To become an SDU Insider and to get our free tools and eBooks, please just visit here:

http://sdutools.sqldownunder.com

Opinion: Get used to reading traces and logs before you need them

I used to do a lot of work at the operating system and network level. I was always fascinated watching people use network trace tools when they were trying to debug a problem. The challenge was that they had no idea what was normal activity on the network, and what wasn't.

The end result of this is that they'd then spend huge amounts of time chasing down what were really just red herrings.

When you don't know what normal activity looks like, everything looks odd.

Today, I see the same thing with traces of SQL Server activity, either using SQL Profiler (and/or SQL Trace), and Extended Events Profiler. I also see the same thing with insights data sent to Log Analytics, and the outcomes of many expensive SQL Server monitoring tools.

For example, if you are looking at a SQL Server trace, and you see a large number of sp_reset_connection commands. Is that an issue? When would it be an issue, and when is it just normal?

If I see an sp_reset_connection executed on a connection followed by a number of other commands, I know that the application is using connection pooling. If however, I see a bunch of those on the same connection, without any commands executed in between, I know that the application code is opening connections when it doesn't need to. Perhaps it should be opening the connection closer to where it decides if it needs it.

The key point is that it's really important that you learn to use these tools before you have a problem. You need to be able to recognize what's normal, and what isn't.

 

SQL: Fields and columns, what's in a name?

Old PC style databases and tools (like Access and DBase) and most 4GL databases tended to use the words Record and Field to describe the layout of tables. Relational SQL databases use the terms Row and Column. I endlessly hear discussions about if there's a difference, and where that lies.

Some will argue, for example, that a field is a data value within a single record or row. That would make a field more like a cell in Excel, than a column in Excel.

My take on this is that if I hear someone use "Record" and "Field", I don't lose the plot and want to correct them. I know what they meant, and that's all that matters.

The one exception to this though, is in training.

If you are teaching people to use SQL, please don't use Record and Field and instead use Row and Column. Using standard terms when teaching is important.

Learning Mandarin: Loan words can be tricky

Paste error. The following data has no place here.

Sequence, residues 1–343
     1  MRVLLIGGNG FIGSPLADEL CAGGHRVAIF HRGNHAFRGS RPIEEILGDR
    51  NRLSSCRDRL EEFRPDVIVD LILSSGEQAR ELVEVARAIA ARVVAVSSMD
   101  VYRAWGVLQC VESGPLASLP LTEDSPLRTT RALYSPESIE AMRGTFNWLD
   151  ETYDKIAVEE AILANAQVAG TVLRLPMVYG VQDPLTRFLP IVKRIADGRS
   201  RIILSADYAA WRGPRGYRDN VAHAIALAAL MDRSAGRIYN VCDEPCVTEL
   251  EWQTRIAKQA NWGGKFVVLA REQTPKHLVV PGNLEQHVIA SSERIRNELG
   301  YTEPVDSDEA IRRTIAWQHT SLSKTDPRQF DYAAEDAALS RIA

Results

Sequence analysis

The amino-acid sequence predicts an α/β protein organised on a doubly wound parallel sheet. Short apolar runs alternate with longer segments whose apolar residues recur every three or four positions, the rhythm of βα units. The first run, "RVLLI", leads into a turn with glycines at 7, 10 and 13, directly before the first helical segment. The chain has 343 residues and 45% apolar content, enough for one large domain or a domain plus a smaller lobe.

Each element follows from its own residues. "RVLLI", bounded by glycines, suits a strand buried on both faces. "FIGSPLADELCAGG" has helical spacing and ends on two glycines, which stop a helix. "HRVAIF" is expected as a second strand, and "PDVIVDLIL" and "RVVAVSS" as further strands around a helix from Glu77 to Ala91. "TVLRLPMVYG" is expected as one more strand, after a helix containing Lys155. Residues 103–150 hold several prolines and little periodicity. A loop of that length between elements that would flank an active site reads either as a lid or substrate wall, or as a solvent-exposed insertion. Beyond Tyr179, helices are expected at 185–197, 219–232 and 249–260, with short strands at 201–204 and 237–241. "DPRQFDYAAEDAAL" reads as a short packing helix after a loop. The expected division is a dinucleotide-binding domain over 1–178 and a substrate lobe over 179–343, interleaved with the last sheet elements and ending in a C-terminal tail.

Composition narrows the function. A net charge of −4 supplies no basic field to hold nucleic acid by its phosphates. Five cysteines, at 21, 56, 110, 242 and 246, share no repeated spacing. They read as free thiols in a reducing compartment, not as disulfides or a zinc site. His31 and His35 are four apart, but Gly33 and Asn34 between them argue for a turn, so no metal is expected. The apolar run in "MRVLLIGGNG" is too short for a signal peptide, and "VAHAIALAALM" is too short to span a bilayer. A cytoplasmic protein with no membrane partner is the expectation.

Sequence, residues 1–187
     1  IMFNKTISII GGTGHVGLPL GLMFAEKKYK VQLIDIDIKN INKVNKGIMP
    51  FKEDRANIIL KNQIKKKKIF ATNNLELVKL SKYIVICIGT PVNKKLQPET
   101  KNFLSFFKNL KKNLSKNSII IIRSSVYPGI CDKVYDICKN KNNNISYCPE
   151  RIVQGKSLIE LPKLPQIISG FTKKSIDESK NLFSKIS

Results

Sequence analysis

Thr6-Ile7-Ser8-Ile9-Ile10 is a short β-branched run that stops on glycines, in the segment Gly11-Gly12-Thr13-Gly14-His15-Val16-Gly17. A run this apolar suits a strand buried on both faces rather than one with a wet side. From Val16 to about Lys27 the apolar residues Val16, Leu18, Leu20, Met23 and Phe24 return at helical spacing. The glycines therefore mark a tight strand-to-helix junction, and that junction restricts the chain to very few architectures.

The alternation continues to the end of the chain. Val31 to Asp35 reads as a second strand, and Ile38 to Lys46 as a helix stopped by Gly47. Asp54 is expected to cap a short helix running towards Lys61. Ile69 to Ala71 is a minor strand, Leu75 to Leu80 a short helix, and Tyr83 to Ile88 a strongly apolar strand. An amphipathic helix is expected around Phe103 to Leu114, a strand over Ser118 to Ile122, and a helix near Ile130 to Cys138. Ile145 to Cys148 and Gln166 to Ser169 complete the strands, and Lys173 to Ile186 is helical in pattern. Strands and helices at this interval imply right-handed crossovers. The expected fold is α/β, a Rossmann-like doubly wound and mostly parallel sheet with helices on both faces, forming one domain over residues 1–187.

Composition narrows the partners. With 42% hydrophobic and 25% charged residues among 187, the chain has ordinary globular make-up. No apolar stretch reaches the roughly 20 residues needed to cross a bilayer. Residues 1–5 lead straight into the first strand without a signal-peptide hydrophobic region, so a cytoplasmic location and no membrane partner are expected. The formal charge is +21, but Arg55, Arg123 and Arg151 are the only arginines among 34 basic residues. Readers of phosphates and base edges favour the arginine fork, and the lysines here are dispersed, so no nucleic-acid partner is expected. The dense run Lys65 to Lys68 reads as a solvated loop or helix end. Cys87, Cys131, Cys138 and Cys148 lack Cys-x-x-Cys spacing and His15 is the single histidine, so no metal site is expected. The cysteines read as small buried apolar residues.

In English, we often "borrow" words from other languages. The Chinese call these "loan words". For example, we might talk about a feeling of Déjà vu. Now we'll often write it without the original accents on the "e" and the "a" but we'll happily just use the French word in conversation.

Ironically, the French tend to do the opposite. They keep inventing words to fill in the gaps in their language. I've heard that this is causing them great difficulty in technical words and that their language academy is a long, long way behind in creating those words.

In Mandarin, a similar thing happens. And it's one of the things that confuses me when I'm reading Mandarin. Let's look at an example:

夏洛克  (Xià luòkè)

I normally read the first character as being related to summer. The second character is often a surname. It's also an old name of several rivers in Henan, Shaanxi, Sichuan, and Anhui. The third character is typically used for the word gram.

So when I read this, I'm thinking "summer, some name, gram". And it's only after a while I pronounce the whole thing and realize that it makes no sense at all as written. It's all about how it sounds. In this case, it was meant to be Sherlock (as in Sherlock Holmes).

I find names quite tricky to recognize to start with, but these transliterated words are especially tricky. But they are used extensively. It's not always names though. Here's another:

巧克力  (Qiǎokèlì)

Again when reading this, the words are like "skillful, gram, force or energy". But the word is chocolate.

And another:

酒吧  (Jiǔbā)

In this case, the first word is Chinese for alcohol, but the second word means bar in English.

So when reading Mandarin, and the words seem to make no sense at all together, one of the things I'm learning to do, is to step back and pronounce them, just in case the meaning of the characters isn't relevant, and only how they sound matters.

Learning Mandarin

I'll write more soon on the best methods for learning. If you want to get a taste for it in the meantime though, my current favorite is Tutor Ming. If you decide to try it, click here and it's a bit cheaper for you, and for me.